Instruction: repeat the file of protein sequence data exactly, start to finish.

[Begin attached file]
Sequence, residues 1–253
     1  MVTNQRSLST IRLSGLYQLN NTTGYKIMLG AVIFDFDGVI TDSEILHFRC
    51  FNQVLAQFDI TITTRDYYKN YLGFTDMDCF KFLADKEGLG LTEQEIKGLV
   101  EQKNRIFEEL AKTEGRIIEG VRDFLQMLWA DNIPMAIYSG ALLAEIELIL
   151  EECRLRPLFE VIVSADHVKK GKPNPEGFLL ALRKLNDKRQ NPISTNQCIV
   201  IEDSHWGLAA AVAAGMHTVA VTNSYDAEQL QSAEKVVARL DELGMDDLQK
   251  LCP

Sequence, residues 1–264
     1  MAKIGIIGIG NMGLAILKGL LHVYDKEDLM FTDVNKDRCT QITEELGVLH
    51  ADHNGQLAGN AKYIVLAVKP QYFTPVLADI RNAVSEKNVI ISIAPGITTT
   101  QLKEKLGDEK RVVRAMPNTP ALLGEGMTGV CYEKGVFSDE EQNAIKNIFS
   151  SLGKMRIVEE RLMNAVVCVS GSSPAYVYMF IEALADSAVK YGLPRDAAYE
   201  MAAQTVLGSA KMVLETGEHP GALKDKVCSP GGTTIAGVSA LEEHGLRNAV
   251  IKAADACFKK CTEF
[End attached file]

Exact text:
Sequence, residues 1–253
     1  MVTNQRSLST IRLSGLYQLN NTTGYKIMLG AVIFDFDGVI TDSEILHFRC
    51  FNQVLAQFDI TITTRDYYKN YLGFTDMDCF KFLADKEGLG LTEQEIKGLV
   101  EQKNRIFEEL AKTEGRIIEG VRDFLQMLWA DNIPMAIYSG ALLAEIELIL
   151  EECRLRPLFE VIVSADHVKK GKPNPEGFLL ALRKLNDKRQ NPISTNQCIV
   201  IEDSHWGLAA AVAAGMHTVA VTNSYDAEQL QSAEKVVARL DELGMDDLQK
   251  LCP

Sequence, residues 1–264
     1  MAKIGIIGIG NMGLAILKGL LHVYDKEDLM FTDVNKDRCT QITEELGVLH
    51  ADHNGQLAGN AKYIVLAVKP QYFTPVLADI RNAVSEKNVI ISIAPGITTT
   101  QLKEKLGDEK RVVRAMPNTP ALLGEGMTGV CYEKGVFSDE EQNAIKNIFS
   151  SLGKMRIVEE RLMNAVVCVS GSSPAYVYMF IEALADSAVK YGLPRDAAYE
   201  MAAQTVLGSA KMVLETGEHP GALKDKVCSP GGTTIAGVSA LEEHGLRNAV
   251  IKAADACFKK CTEF